But there is going to be a lot of silence now. And I don’t think I’ll ever be comfortable with it.

I will never understand how Adam thought taking his own life would make anything better for anyone. All it has done is made everything worse for everyone who knew him. Not a single person who knew him has felt his loss the same way, but we are all still feeling the aftershock.

For more than a month, ever since I saw his goodbye letter, I have struggled to understand how I have felt.

Anger, sadness, pain, regret, relief, emptiness, grief. Some mixture of it all? Through it all, I’ve worn a mask. I thought that if I appeared strong and unphased, other people would see me as someone to lean on in their own time of need. I’ve realized now how wrong of me that was.

My idiotic hypocrisy is exactly what I beg everyone who reads this to avoid. In my stupidity, I’ve bottled up my feelings of grief and misery. I’ve ignored those who love and care about me just to give off the facade of being OK. Do not hide your emotions nor feelings. If you take one thing from me, please make it that you know you are never alone.

Unlike Adam, I have never struggled with mental illness or the idealization of suicide. While I cannot stand in Adam’s shoes nor speak for him, I feel as though I knew him well enough to guess that he felt like his burden was his and his alone to shoulder.

I cannot believe the smartest person I knew would feel like he had to suppress his feelings and hide the demons in his head from the people who loved him. And I cannot believe that I allowed myself to shoulder the burden of my sadness alone despite knowing how deeply wrong it was.

If you are struggling with anything, no matter how trivial you might think it is, there is nothing stronger you can do than seeking help and talking about it.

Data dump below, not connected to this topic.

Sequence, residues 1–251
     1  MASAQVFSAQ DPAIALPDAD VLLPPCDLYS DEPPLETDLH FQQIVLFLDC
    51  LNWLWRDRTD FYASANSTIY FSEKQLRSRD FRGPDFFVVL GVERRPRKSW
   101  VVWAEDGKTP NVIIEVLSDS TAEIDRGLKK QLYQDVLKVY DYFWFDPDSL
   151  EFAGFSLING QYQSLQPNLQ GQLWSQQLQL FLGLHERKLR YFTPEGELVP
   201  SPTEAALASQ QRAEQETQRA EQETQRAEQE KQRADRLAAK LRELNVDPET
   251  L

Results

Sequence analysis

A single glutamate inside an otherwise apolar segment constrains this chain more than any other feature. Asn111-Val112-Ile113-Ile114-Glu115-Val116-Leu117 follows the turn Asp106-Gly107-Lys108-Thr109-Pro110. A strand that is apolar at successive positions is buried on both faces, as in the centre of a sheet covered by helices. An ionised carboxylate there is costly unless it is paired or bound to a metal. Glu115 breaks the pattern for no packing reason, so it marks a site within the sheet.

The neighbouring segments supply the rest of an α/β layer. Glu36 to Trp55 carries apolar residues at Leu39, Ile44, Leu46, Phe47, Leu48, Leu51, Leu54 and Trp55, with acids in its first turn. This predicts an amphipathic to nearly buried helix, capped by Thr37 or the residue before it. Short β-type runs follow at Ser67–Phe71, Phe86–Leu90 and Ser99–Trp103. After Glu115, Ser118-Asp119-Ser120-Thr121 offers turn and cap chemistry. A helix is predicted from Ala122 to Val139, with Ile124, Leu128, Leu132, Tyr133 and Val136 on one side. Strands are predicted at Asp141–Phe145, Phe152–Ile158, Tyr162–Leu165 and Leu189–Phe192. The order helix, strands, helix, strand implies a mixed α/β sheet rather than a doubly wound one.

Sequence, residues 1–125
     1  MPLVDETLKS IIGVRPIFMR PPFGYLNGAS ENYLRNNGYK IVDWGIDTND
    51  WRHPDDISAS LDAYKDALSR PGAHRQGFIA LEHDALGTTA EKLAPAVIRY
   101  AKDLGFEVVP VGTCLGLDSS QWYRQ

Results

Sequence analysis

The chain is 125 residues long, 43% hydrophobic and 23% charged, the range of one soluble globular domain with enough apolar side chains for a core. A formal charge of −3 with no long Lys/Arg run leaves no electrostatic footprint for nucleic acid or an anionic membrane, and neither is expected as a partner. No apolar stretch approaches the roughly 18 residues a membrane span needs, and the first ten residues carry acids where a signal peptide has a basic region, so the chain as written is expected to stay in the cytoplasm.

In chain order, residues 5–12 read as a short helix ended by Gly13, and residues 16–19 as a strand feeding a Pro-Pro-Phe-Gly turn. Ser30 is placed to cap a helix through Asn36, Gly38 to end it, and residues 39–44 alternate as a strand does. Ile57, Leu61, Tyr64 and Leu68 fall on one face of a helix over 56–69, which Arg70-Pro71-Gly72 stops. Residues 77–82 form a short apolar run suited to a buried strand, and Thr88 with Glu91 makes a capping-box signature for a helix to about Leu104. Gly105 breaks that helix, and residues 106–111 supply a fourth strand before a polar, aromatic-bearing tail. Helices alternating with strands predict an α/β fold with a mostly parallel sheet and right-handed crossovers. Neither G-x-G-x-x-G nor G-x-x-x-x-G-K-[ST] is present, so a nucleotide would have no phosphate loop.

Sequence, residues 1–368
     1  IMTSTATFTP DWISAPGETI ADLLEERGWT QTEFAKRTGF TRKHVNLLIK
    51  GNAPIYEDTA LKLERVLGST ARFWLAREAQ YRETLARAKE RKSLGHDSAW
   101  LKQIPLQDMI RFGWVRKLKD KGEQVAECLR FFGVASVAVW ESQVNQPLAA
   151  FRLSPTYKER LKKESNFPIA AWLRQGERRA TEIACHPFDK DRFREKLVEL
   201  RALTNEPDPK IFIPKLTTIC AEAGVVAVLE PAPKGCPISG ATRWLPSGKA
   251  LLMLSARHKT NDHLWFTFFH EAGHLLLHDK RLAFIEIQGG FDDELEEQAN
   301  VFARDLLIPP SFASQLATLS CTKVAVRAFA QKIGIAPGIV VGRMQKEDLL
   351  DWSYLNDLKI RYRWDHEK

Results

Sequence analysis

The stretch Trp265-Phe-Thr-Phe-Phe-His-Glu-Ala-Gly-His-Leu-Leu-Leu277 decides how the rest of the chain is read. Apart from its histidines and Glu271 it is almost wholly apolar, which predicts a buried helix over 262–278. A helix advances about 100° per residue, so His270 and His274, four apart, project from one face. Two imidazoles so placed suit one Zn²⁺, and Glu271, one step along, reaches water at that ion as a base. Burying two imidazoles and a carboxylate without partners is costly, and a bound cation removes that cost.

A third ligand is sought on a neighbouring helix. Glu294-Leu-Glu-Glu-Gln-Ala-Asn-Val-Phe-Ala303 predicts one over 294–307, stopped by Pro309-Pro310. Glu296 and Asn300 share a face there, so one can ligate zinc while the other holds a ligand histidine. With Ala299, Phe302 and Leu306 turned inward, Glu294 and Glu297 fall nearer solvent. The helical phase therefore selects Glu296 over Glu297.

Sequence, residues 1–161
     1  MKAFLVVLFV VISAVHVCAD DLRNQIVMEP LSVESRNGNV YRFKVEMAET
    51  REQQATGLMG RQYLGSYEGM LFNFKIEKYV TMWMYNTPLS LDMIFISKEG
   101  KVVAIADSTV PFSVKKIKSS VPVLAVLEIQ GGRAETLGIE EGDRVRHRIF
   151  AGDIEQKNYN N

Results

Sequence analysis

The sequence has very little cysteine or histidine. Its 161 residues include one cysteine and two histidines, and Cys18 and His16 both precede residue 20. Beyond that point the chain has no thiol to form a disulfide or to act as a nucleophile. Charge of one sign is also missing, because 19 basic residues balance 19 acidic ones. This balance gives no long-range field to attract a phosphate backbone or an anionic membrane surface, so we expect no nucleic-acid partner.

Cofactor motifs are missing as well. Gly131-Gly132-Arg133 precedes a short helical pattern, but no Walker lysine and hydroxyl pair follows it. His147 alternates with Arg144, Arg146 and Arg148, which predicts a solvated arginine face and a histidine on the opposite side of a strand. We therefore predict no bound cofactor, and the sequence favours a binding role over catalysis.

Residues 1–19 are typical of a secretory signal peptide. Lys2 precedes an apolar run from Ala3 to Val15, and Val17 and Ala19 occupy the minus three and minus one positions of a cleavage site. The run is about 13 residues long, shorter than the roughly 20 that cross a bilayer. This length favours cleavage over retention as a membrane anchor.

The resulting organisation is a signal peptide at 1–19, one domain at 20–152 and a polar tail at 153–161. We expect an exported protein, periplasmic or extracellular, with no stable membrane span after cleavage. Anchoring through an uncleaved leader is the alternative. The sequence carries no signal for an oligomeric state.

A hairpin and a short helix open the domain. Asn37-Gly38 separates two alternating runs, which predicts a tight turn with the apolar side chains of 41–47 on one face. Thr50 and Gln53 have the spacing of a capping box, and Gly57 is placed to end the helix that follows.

The time for blindly offering the numbers of self-help organizations and tweeting about “checking up on your friends” is over. In order to make a difference, we must actually make a difference in people’s lives. Love and support your friends and family, and when you’ve done that, love some more.

I wish in the worst way that I knew the solution. It breaks my heart that all I’m able to do is offer empty platitudes. But I don’t know what to do. All I can do is use my voice to raise awareness and beg and plead for people to speak out.

In the end, it falls on all of us. Sometimes it might be easier to say, “I’m only one person, I’m just a drop in the ocean,” but that’s so irresponsible. As one, we are very little, but together, we can change the world. I truly mean that.

As Albus Dumbledore said in Harry Potter and the Chamber of Secrets, “Help will always be given to those at Hogwarts to those who ask for it.”

That sentiment could not ring truer. Help will always be given in The Rocket office to those who ask for it.

If you’re struggling and need someone to talk to, I beg you with every ounce of my being to ask for help. And if you cannot find help, come to The Rocket office. You will never be alone. While I may not be a therapist, I know what it’s like to suffer through this sort of tragedy, and I will do anything in my power to help.

If by some miracle stroke of luck you’re reading this and have thoughts or urges to take your own life, there is no way for me to express how deeply I believe you should seek help. If you read this and think that nothing will ever get better, you’re wrong. Life will get better, please believe me.

Live for yourself and if you cannot do that then live for your friends, your family, that TV show or YouTuber that you love to watch, your future self and your future family. And if you cannot do that, live for me. I know I can’t ask that, but I’m selfish. Live to see all the love this world has to offer. Believe me, please, it’s out there.  

Live for me even if it’s just to spite me. Live for me to show me how much better your life will get. Please, just live.

Life is so fleeting and unpredictable. Where you are one day can and will be so different from where you are the next day. Live for love, happiness and new experiences.

And, please, don’t make someone who loves you feel this type of pain.

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Karl is a senior sport management major and communication minor entering his fifth semester on The Rocket staff. He will serve as the sports editor after previously serving as the assistant sports editor. During his time with The Rocket, he has covered every sport that SRU has to offer, and with the lack of sports this coming semester, he is looking forward to finding alternative ways to deliver sports news to the SRU community. After graduation, he hopes to work in the sports writing field.